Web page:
-: Apr 29, 2019 / Julius Musungu

Drive Today Analysis




On April 11, 2019, President Bashir of Sudan left power after nearly four months of protests and a dozen deaths. The announcement by the Sudan’s military that it had finally unseated the President, a burst of joy exploded outside the military headquarters in Khartoum where huge throngs of protesters had massed.  President Bashir had ruled Sudan for the last 30 years.

With President Bashir out of picture, The Sudanese Minister of Defence announced the formation of a military council during a two-year transitional period, A suspension of the country’s constitution and state of emergency for three months Imposed.


The following are the possible assessments:

·         Power corrupts but probably also blinds. It is baffling that the 75 year old Bashir failed to read the rising political temperature in the country especially following the developments arising from the Arab spring within the last couple of years.

·         It is noteworthy that most of the protestors were millennial and were heartily and openly supported by enlisted members of the Sudan Armed forces in the latter stages of the protest. This should be worrisome to regimes across the continent. The tensions between the demonstrators and the newly formed post Bashir administration will likely continue in the short to medium term.

·         The supposedly Coup de tat by the military has all the trappings of a palace coup probably engineered by Bashir himself and may not respond to the aspirations of the Sudanese people for real and deep change.

·         With Bashir out of power, the International community is now likely to be vocal in calling for Bashir to be extradited to The Hague to face charges of genocide, war crimes and crimes against humanity. This is unlikely to be an easy option considering the some members of the Military transitional council have also been sanctioned for having engineered genocide and other war crimes in Darfur.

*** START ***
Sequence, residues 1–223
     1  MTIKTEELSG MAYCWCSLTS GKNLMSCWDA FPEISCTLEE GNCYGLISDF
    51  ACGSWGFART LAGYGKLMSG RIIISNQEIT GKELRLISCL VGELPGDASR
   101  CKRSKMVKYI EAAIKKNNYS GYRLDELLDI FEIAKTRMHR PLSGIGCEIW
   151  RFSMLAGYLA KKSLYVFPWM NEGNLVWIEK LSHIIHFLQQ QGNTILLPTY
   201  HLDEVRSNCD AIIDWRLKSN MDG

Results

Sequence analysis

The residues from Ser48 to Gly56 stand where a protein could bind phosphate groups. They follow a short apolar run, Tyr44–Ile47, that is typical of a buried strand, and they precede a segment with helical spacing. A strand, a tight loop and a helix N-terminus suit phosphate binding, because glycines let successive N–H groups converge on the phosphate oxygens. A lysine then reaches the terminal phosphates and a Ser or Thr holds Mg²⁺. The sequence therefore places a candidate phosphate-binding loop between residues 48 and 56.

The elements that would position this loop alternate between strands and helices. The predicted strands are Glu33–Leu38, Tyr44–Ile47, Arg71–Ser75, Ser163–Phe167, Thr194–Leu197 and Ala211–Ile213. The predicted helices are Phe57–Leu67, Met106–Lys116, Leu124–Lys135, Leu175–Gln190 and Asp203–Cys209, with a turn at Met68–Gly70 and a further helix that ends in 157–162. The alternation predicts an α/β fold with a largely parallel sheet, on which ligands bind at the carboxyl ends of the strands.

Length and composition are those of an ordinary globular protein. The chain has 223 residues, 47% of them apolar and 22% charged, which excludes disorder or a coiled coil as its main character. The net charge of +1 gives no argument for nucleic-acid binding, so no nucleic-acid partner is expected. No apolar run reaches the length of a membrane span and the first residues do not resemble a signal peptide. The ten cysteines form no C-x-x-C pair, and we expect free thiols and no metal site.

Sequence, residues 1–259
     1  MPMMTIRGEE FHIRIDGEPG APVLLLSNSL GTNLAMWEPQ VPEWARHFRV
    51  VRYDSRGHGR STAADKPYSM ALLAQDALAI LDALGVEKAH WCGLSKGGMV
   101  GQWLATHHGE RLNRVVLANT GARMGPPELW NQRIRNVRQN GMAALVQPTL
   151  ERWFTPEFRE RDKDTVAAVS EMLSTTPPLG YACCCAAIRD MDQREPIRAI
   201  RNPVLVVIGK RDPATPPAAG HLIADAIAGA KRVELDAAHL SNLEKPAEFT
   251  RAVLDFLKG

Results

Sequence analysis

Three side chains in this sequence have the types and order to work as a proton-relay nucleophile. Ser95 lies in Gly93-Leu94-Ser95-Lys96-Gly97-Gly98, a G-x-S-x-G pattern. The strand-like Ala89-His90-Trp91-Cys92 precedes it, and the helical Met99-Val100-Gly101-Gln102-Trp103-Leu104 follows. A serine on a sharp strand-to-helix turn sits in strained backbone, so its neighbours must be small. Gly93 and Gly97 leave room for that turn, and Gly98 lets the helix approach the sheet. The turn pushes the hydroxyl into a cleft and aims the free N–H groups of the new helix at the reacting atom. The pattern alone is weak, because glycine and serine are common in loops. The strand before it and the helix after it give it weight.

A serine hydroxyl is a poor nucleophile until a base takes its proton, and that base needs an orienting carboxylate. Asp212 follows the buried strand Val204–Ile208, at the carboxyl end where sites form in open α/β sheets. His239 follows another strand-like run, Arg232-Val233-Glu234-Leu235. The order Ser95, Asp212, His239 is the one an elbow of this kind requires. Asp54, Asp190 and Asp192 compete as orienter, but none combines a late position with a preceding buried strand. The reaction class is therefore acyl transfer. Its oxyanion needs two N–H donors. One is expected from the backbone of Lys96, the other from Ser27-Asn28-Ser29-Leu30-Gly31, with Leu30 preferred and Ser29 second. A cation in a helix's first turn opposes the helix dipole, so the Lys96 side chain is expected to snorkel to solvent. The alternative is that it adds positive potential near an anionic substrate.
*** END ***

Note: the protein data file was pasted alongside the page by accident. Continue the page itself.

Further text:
·         Another possible emergent scenario is a possibility that the low intensity conflicts in Darfur, Southern Kordoforan and Blue Nile could explode to full scale insurgencies with calls for Secession from Khartoum especially if the stand-off between the Protestors and the Military persists. The three states have perennially been restless and have remained united with Sudan probably due to Bashir’s strong Arm tactics. 

·         In The region too, the exit of Bashir could lead to the stalling of the negotiations over the Nile waters between Egypt and Ethiopia over the Grand Renaissance Dam.

·         A positive impact arising from the ouster of Bashir could be the softening of positions between President Silava Kiir AND Riek Machar. Bashir had laboured so hard –at least –Overtly to bring the two leaders together. His Ouster will be more pronouncedly felt by Riek Machar who had reportedly been depending more on Bashir for the steady supply of armaments. Bashir Sudan is likely to bring to the fore engulf the surrounding countries with several other crises.

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